Re: TO the holier-than-thou guru
Peter Iannarelli writes:
> Drop your linen and stop your grinen:
> To all those; and you know who you are, who are whinnnnnnnnnnnnnng
> about Debian PPP. Ask your self two questions.
> * What do I know about RFC 1331 or more commonly known as PPP.
> * What do I know about my ISP.
Not everyone has a background in TCP/IP network adminstration. I'm struggling
with RTFM (read the fine manual). I've even broke down and bought O'Reilly's
book on TCP/IP network management. And I still don't have a "warm fuzzy
feeling" about PPP.
> If you can answer these two questions with a little, or a lot or everything, your
> probably not whinnnnnnnnnnnnnng. To the individual who implemented PPP,
> you did a good job. Linux is not M$W 95, thank god. If one has ever tried
> to configure a Cisco, or Alpha (not linux) or SCO box, you know what I mean.
> There is sufficient documentation in /usr/doc/ppp, and /etc/ppp to answer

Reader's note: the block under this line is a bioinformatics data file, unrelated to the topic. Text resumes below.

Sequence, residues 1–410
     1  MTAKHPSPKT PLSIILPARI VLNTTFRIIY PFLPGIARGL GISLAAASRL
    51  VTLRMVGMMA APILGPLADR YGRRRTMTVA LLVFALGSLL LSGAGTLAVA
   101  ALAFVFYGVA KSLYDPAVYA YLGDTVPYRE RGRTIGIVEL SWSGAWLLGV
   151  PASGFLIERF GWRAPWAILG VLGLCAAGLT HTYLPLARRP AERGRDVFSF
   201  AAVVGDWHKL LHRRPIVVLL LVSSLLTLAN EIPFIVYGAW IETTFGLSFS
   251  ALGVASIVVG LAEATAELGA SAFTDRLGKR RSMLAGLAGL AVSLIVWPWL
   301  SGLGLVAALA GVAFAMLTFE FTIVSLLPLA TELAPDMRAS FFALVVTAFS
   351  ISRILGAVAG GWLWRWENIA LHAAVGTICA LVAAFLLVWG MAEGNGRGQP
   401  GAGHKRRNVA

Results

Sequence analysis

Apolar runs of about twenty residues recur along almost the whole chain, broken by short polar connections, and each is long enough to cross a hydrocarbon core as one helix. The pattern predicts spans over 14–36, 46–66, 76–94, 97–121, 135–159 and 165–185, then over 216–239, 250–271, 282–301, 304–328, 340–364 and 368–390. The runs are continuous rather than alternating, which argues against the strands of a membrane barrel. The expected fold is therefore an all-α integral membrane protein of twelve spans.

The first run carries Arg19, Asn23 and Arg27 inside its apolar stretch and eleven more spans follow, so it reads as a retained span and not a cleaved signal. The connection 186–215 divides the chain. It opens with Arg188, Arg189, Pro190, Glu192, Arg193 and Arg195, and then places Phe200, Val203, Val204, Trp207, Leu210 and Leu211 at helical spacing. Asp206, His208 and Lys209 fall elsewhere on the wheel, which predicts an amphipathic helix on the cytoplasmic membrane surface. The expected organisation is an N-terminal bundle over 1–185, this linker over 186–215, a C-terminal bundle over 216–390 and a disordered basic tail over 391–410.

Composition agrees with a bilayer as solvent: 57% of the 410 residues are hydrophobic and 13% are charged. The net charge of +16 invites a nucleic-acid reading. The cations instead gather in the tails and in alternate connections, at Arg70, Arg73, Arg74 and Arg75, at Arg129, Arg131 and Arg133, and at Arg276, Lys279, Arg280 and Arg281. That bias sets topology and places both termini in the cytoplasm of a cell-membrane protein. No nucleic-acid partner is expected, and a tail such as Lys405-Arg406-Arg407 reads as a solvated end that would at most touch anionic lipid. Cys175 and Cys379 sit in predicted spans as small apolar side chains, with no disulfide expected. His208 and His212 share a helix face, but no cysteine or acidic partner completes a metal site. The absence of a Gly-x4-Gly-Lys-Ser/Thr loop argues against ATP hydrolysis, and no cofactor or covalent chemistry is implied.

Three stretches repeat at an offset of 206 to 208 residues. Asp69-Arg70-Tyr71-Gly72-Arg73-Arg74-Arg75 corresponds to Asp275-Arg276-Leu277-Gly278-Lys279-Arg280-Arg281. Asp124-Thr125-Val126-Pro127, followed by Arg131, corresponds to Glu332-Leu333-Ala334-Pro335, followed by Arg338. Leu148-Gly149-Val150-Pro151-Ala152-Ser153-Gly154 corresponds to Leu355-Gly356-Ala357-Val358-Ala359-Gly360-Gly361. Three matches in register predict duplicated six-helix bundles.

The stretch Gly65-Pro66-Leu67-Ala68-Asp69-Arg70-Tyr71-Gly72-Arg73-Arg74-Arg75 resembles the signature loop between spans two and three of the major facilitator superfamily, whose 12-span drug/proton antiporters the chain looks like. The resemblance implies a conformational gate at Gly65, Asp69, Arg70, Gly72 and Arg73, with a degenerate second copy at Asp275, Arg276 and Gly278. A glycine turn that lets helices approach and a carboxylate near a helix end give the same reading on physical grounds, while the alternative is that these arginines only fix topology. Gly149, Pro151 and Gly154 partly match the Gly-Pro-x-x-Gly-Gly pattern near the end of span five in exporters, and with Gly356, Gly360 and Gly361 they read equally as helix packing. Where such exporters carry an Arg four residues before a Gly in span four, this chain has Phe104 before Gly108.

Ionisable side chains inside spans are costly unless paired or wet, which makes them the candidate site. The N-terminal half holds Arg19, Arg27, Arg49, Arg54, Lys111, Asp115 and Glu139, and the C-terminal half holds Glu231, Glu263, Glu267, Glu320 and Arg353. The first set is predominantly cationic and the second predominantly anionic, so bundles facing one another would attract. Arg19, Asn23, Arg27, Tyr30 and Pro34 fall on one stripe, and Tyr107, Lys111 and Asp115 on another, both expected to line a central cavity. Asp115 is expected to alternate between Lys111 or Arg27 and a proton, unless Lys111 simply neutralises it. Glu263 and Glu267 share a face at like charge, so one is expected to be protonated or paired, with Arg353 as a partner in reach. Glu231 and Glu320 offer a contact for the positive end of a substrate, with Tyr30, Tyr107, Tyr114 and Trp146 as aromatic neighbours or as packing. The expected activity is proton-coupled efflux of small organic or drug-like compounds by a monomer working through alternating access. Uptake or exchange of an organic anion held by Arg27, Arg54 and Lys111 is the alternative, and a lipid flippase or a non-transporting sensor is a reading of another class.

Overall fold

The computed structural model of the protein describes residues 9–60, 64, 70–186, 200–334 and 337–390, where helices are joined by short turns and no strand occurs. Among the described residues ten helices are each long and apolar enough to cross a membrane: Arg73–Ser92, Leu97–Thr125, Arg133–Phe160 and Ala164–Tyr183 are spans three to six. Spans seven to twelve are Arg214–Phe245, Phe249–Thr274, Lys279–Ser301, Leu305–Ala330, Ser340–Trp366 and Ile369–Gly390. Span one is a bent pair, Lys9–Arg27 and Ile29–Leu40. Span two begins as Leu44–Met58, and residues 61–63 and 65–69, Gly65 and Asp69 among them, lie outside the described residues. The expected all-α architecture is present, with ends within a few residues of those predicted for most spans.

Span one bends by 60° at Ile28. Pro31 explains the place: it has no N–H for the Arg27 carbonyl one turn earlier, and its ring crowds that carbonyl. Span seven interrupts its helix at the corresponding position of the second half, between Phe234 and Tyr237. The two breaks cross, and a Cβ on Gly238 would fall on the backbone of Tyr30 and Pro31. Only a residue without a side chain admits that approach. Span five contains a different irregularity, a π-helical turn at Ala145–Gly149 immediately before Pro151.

> almost all questions.
I'm happy that we have "experts" on this list to help us out of our ignorance.
I've looked at the documentation of a Cisco and agree that configuring it runs
a close second to my least favorite activity (going to the dentist).
> If there are specific questions concerning who, what, when, where or why,
> ask away. The ISP is usually not the problem, unless they don't support PPP
> just SLIP. Remember, unless one has a dedicated link, your IP address will
> be provided by the ISP following a successful login (most ISP recycle IP addresses).
> You must specify "noipdefault" and "defaultroute in /etc/ppp/options. If you
> set a DEFAULT GATEWAY and ROUTE in /etc/init.d/network, unset it.
Good info, thanks! Now let me ask a specific question, my ISP not only
dynamically allocates the IP address for it's users, but dynamically allocates
the server IP (several PPP servers on a rotating incoming line). Question: how
do you configure PPP to handle this situation?
-= Sent by Debian 1.2 Linux =-
Thomas Kocourek KD4CIK - member of ARRL